The Kapa‘a Hongwanji Bon Dance in 2014.

The Kapa‘a Hongwanji Bon Dance in 2014.

The Summer 2015 Bon Festival kicks off today and tomorrow, with Waimea Shingon Mission hosting the first Bon dance weekend of the year. Next weekend, it’ll be Kapa‘a Jodo Mission’s turn. Look at the bottom of this article for a complete schedule.

The focus of the festival is the Bon odori. This folk dancing is performed outdoors around a yagura (raised platform), where dancers form concentric circles.

Traditional kimonos, light summer yukatas, or the less formal happi coates are worn. A tenugui (thin plain-weaved cotton towel dyed in a pattern) is used as a dress accessory, a headband or sweatband, and a dance implement.

The music has a happy melody with a distinctive beat. Chochins (lanterns) hang from the yagura forming a canopy of colors over the dance ring. Everyone is welcomed and encouraged to join the dance.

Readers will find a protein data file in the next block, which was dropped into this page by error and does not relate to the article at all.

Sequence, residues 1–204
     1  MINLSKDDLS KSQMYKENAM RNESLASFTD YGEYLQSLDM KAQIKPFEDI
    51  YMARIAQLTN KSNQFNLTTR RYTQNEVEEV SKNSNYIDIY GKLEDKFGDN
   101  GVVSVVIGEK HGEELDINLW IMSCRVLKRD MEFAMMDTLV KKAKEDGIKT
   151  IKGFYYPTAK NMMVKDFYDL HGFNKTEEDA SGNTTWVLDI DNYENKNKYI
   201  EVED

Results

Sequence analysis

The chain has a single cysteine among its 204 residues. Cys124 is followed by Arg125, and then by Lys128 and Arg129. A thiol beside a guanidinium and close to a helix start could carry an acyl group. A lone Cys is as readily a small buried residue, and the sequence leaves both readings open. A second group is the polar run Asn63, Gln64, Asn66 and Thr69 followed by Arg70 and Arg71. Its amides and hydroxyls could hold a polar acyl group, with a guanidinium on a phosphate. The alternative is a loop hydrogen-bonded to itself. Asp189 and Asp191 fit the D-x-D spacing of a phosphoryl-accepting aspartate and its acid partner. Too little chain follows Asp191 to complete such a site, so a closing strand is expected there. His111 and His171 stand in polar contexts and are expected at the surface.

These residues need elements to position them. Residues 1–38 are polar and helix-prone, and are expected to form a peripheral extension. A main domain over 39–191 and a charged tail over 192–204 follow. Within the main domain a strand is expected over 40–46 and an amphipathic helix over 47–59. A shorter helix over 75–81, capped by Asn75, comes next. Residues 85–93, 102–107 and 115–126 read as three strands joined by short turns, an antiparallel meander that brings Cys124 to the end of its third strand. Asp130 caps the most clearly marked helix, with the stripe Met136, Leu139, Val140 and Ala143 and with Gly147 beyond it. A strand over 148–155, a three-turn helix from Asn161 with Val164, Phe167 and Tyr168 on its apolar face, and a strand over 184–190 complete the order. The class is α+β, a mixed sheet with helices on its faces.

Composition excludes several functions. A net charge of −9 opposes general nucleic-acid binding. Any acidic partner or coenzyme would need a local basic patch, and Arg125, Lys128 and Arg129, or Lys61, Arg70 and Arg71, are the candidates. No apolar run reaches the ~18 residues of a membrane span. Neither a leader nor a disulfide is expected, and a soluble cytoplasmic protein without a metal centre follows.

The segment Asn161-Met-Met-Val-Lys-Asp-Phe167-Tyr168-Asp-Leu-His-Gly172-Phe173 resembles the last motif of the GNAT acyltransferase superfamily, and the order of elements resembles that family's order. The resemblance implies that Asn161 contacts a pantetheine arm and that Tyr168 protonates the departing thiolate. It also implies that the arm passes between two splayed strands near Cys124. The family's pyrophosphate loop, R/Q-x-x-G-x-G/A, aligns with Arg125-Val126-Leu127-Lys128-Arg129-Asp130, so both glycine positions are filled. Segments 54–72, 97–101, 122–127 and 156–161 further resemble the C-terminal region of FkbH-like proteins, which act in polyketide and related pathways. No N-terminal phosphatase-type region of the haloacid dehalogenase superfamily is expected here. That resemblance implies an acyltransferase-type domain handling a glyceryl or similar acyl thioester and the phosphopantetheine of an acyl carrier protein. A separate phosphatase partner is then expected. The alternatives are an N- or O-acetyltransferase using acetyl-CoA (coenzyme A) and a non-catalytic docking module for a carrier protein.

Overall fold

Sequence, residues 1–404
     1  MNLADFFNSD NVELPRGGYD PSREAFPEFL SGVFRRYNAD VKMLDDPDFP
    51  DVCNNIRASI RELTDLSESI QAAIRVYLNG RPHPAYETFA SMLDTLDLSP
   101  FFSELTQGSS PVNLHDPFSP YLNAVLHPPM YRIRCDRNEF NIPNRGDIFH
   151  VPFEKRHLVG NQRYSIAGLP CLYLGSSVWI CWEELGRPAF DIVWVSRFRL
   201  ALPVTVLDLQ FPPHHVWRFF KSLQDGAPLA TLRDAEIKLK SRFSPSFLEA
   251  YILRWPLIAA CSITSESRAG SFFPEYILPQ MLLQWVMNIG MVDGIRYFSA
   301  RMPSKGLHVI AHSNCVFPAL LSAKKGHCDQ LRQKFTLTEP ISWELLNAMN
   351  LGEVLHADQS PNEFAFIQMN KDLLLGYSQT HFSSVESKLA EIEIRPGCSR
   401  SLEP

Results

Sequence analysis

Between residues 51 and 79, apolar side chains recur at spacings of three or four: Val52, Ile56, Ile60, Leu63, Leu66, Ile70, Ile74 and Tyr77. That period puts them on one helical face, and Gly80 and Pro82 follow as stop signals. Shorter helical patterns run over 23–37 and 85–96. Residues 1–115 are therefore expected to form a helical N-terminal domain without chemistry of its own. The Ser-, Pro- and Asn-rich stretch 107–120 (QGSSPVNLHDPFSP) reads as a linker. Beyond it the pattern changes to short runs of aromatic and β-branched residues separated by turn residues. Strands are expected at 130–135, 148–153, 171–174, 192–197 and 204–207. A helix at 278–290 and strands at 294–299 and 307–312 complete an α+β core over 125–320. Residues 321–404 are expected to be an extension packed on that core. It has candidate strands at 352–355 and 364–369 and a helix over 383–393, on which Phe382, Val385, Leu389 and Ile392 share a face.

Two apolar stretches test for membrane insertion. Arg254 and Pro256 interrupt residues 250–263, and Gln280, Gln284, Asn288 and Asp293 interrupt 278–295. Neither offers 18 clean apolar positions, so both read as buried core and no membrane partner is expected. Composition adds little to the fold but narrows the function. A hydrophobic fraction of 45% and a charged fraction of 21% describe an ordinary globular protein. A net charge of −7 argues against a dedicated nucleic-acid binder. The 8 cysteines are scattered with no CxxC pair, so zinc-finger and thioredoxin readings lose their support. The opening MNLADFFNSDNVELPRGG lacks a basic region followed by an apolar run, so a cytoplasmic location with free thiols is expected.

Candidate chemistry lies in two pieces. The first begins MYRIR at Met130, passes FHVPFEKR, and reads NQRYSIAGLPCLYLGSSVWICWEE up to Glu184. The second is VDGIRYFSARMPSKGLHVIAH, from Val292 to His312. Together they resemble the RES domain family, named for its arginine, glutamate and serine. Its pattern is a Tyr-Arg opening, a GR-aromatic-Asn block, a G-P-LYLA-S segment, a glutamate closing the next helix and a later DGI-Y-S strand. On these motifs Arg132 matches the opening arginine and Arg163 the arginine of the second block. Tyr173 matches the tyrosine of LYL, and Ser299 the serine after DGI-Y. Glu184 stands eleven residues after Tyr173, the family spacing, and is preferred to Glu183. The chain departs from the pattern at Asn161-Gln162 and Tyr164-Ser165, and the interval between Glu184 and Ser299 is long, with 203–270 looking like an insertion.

Lanterns at Kaua‘i Soto Zen Temple in Hanapepe. Photo by Brian Howell

Lanterns at Kaua‘i Soto Zen Temple in Hanapepe. Photo by Brian Howell

The festival also includes memorial services at the temple, honoring loved ones who have passed away. Buddhist traditions commemorate the deceased by reading out their names in remembrance. The temple services are held on Friday and Saturday and precede the dancing .

At Soto Zen, pink lanterns remembering a loved one are strung around the temple each year at the Bon festival. Other lanterns of different colors decorate the dance ring, bell tower and temple grounds. These hanging lanterns have become colorful symbols of the Bon tradition.

Food is a main ingredient of the festival and must be consumed to enjoy the full flavor of the Bon experienced. The many foods blend traditional Japanese flavors with American or Hawaiian flavors to give a distinctive island taste.

Bon Dance Food